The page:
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It’s time to let the state try to fix the RCSD 

OK, if not this, what?

Last week, a plan to have the state take over the Rochester school district surfaced. Under the plan, crafted by state education officials after several meetings with some local leaders, the state legislature would dissolve the district’s elected school board. The state's Board of Regents would appoint a new board, which would serve for five years. After that, governance would return to an elected board.

When CITY and the Democrat and Chronicle reported the plan, the pushback was immediate. The school board doesn’t like it. School board candidates don’t like it. The teachers union doesn’t like it. Local education activists don’t like it. Rochester state Assembly member Harry Bronson doesn't like it.

And so it’s dead on arrival. Still, we ought to have a public discussion about this. Because, frankly: If not this plan, what?

The district has made progress in some areas. Graduation rates, for instance, have gone up significantly. But the district has a lot of problems. They're serious. They've persisted for years. And a democratically elected school board has been in charge, every step of the way.

Board members have caused some of the problems themselves, fighting with one another and interfering with district operations.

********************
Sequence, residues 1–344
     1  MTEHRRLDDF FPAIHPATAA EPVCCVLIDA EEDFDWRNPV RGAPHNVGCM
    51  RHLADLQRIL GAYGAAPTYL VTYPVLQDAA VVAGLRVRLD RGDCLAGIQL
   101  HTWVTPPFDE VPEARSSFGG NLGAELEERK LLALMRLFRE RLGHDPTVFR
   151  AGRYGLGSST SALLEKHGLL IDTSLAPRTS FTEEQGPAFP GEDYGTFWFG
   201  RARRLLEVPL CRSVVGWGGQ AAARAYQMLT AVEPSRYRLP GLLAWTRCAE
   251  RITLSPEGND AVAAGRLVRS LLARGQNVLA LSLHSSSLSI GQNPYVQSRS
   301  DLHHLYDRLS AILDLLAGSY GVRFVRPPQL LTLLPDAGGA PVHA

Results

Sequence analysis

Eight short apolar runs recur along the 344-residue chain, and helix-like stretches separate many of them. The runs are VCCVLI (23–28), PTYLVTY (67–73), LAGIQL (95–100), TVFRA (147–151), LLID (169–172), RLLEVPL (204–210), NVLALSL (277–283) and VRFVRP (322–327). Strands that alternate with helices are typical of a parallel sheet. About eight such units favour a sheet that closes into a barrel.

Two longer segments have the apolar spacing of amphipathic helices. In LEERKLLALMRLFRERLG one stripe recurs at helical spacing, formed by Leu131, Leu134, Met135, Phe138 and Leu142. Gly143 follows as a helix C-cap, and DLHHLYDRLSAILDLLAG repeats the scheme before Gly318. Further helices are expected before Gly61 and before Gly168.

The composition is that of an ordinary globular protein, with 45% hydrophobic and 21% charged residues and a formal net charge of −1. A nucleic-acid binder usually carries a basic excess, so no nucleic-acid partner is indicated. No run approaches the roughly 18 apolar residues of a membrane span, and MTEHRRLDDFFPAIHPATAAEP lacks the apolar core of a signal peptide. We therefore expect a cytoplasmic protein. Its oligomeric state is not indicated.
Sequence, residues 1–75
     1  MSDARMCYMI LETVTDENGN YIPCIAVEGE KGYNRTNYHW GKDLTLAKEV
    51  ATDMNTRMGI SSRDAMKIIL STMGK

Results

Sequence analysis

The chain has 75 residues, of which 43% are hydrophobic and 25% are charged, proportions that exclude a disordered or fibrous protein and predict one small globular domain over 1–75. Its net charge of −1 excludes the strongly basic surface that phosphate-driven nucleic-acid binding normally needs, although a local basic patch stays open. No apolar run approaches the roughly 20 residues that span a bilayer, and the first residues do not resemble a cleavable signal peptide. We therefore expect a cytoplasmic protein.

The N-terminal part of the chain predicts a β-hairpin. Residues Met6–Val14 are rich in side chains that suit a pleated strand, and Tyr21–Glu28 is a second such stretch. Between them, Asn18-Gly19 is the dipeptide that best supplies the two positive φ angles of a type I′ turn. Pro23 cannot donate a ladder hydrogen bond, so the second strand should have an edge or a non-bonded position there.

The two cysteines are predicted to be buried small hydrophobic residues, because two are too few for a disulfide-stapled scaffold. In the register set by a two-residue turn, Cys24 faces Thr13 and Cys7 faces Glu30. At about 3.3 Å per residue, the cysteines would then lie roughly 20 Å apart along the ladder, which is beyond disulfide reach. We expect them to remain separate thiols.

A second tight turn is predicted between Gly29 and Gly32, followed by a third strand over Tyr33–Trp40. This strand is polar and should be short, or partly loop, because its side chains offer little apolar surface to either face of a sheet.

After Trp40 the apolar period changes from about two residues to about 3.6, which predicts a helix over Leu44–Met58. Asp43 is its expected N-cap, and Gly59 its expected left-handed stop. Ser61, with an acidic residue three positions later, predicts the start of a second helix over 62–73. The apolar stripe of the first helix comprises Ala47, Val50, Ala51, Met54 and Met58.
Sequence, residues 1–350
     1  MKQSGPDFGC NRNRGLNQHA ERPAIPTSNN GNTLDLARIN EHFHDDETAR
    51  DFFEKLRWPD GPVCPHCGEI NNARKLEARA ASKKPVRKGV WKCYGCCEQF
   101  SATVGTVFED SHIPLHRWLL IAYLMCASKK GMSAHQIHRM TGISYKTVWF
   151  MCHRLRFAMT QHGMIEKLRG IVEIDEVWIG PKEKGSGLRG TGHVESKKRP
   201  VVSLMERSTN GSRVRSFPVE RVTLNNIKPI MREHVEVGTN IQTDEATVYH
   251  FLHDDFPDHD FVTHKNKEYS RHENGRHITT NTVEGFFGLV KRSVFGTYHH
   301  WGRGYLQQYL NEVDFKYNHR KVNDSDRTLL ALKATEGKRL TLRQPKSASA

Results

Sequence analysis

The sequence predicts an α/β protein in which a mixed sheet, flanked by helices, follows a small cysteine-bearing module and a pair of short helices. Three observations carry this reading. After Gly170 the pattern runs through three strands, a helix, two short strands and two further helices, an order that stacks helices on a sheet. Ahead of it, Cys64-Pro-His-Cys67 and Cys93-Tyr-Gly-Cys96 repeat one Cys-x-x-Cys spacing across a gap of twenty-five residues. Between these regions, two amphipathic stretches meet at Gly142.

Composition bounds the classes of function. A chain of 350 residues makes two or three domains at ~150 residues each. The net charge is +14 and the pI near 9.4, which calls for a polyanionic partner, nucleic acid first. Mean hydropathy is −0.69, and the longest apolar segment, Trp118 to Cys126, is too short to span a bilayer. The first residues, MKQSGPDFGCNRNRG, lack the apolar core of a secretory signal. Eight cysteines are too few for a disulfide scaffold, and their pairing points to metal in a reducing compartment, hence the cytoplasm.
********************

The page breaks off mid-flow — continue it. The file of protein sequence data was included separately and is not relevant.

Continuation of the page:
Other problems are management problems. Training, follow-through, institutional leadership problems. The school board is supposed to make sure the superintendent manages the district properly. This board and several of its predecessors haven't been able to do that.

Among the more publicized management problems: The district’s attendance-taking process broke down so badly that teachers marked a child present one day last year when instead, he had gotten off the school bus, walked downtown, and drowned in the Genesee River. Problems in the district’s special education program got so bad that the district's under a consent decree and has been given three years to fix them.

The last three superintendents, chosen and supervised by the school board, left after serving Rochester three years or less, all having strained relationships with at least some board members. And leadership turnover has been high not only at the top but also in other key administrative positions.

Can this system work? I don't know. It sure doesn't now.

The state officials' proposal isn't a permanent solution. It's a temporary takeover to let an appointed board try to get the management problems fixed. Presumably, that will result in improved education, but nobody should think this is all we have to do. As CITY education writer Tim Louis Macaluso noted in a recent article, we need to analyze the entire Rochester school system. Maybe it's simply too big to manage well. Maybe we should consider another form of governance. And, as Macaluso wrote, maybe it's not just the district's governance that needs to change. Maybe the community needs to change.

More about that another week. Meantime, Rochester seems to have squashed a perfectly reasonable proposal: one that could short-circuit the district's cycle of dysfunction, inject some stability, and give the community several years to talk about options.

Instead, it looks like we'll keep doing the same thing and just try to do it better. I can hear the calls now: Elect a different school board. Give Rochester's new superintendent a chance.

We've tried that before. Tell me why this time will be different.

Seriously. Send me your argument, maximum 580 words, with your name, phone number, and city, town, or village. The address:

Tell me why this time, with this system, will be different.

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